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Audio Transcript

Happy Friday and welcome back. Pastor John is back in the studio with us to talk about Christian unity. We love Christian unity. We aspire for more Christian unity. But Christian unity is not uniformity. Differences exist among believers. So Christian unity gets complex, leading to questions like this one today on 1 Peter 3:8.

Here’s the email: “Hello, Pastor John! My name is Charlotte, and I live in Yorkshire, England. My question for you has puzzled me for years. In 1 Peter 3:8, Peter urges the exiled Christians to have ‘unity of mind.’” That’s Peter’s exact phrase. “I once heard a preacher say that this ‘unity of mind’ does not, however, mean uniformity. Since then, I’ve struggled to understand the difference. We have basic creeds and confessions that we must all agree on as the very foundations of Christianity. Beliefs otherwise would be heretical. How then can we not have uniformity? What is this ‘unity of mind’? Peter didn’t insert a clause that left this to church leaders only to pursue. So how does the individual Christian pursue this?”

I’ve often shared this perplexity about how unified our convictions, preferences, and opinions as Christians should be. But I’ve gotten help, especially in recent years, by distinguishing between, on the one hand, passages that deal with unified convictions or views of God, Christ, or salvation and, on the other hand, passages that deal with a unified mindset. We don’t have a better English word for this Greek idea, so we might call it a unified attitude set or disposition.

I feel warranted in making that distinction not only because there are some peculiar Greek words that Paul uses for mindset that are different, say, from theological convictions, but also because he actually deals with differences of conviction that Christians have without pushing them toward unanimity of conviction (for example, in Romans 14). Rather, he pushes them toward unanimity in a certain mindset about how to handle the differences.

Unity of Understanding

Let me try to illustrate what I mean about the difference between a theological conviction, on the one hand, and unified mindset, on the other hand. For example, in Ephesians 4:11–13, it says that Christ gave pastors and teachers to the church “to equip the saints for the work of the ministry, for building up of the body of Christ, until [this is where it’s all supposed to be moving] we all attain to the unity of the faith and of the knowledge of the Son of God.”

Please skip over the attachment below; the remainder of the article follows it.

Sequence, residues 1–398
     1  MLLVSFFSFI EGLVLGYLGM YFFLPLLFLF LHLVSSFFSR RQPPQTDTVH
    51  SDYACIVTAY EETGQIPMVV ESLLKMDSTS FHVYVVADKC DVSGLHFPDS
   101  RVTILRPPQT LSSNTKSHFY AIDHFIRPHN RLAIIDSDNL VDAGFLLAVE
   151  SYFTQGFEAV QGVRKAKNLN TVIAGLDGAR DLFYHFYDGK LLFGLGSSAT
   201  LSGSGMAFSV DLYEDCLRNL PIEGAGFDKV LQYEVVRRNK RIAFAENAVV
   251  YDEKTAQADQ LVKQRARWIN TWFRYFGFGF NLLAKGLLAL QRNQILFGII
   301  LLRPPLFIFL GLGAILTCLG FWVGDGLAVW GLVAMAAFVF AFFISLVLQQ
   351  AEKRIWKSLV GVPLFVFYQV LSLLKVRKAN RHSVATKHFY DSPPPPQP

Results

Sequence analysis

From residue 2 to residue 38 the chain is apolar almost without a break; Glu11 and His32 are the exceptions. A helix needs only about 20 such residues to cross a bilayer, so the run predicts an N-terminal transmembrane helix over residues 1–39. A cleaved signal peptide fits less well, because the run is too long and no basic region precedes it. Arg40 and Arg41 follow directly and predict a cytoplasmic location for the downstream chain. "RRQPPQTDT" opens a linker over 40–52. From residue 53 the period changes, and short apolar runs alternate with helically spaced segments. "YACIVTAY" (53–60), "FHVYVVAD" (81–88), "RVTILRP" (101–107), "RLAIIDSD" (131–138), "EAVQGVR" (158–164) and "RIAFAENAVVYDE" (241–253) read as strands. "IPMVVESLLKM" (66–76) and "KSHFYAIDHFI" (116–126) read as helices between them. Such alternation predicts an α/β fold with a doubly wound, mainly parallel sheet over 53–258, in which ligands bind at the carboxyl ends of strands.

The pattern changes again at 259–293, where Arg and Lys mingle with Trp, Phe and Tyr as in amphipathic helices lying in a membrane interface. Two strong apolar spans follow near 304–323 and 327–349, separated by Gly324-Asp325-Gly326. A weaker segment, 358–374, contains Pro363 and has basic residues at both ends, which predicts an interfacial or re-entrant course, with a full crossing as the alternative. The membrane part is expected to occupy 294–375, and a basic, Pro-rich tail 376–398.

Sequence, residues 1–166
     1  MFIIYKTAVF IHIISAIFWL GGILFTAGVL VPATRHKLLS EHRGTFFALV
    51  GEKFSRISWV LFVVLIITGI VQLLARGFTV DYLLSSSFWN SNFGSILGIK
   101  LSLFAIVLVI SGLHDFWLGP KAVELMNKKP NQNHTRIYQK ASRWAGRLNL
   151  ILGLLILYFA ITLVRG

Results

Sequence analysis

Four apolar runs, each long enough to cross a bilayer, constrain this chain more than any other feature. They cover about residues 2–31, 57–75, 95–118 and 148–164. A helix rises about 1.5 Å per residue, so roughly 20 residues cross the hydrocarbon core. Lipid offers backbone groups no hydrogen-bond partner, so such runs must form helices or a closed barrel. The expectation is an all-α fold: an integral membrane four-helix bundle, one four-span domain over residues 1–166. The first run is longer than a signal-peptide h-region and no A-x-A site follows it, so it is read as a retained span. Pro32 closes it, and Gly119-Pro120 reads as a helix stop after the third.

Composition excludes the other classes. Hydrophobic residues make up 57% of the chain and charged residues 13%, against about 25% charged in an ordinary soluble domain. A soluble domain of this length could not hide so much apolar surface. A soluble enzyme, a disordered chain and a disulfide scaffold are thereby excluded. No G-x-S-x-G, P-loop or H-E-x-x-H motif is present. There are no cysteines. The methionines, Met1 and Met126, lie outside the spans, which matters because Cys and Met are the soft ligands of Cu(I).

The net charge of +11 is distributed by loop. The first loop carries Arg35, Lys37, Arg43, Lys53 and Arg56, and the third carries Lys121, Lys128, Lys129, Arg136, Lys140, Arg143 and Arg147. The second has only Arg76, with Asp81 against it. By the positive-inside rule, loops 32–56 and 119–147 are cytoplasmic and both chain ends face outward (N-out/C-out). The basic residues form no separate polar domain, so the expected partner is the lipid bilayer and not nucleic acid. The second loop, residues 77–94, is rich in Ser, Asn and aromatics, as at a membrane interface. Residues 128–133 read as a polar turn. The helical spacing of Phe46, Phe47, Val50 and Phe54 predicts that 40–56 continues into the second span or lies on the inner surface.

So that’s what I’m referring to when I say that the Bible really does urge us toward seeking theological, biblical unity, a unified understanding of God, and Christ, and man, and salvation, and how to live the Christian life. I think the best strategy for moving toward that goal is to humbly and faithfully immerse ourselves in the Bible, seeking to understand it with all the resources — historically, devotionally, academically — that we can.

And then as we grow, and speak, and preach, and teach, and write, and live that truth, as we see it more clearly, we pray earnestly that God would bring more and more people into a true understanding of his word.

Unity of Mindset

But I don’t think that’s what Peter is referring to in 1 Peter 3:8, which is what Charlotte asks about. In 1 Peter 3:8, and in most places in the New Testament which refer to being “of one mind,” the idea is not mainly to urge us toward identical convictions, as good as that is, but toward a common, unified mindset or attitude.

Here we bump into those peculiar Greek words that I mentioned earlier. There’s this amazing Greek word that takes on lots of meanings when it combines with different prefixes. For the few Greek readers who listen to us, the stem I’m talking about is phron, like phroneō or phrones. The basic idea that phron conveys is “mindset,” or we could say “attitude set,” since we don’t have a word for it in English. It’s not just a way of thinking, but a combined way of thinking and feeling, or a combination of conviction and disposition.

For example, here are some of those combinations where the meaning is changed when you put the prefix on the front:

  • homophrones, oneness of mindset
  • tapeinophrones, lowly mindset
  • kataphrones, contrary mindset
  • aphrones, foolish mindset
  • huperphrones, self-exalting mindset
  • paraphrones, insane mindset
  • hupsēlophrones, a haughty mindset

It’s amazing, that word. It does amazing service in the New Testament when talking about how we think and feel. Now, the point is simply to say that this stem phrones or phroneō is not mainly referring to ideas or viewpoints. It’s mainly referring to particular dispositions, or mindsets, or attitudes.

Humble, Not Self-Exalting

Now here we are in 1 Peter 3:8, which reads like this: “Finally, all of you, have unity of mind” — homophrones: one mindset, a unified, similar mindset. And then he goes on, saying, “. . . sympathy, brotherly love, a tender heart, and a humble mind” — which is tapeinophrones. Homophrones, unity of mindset, is at the beginning of the list, and tapeinophrones, humble mindset, is at the end.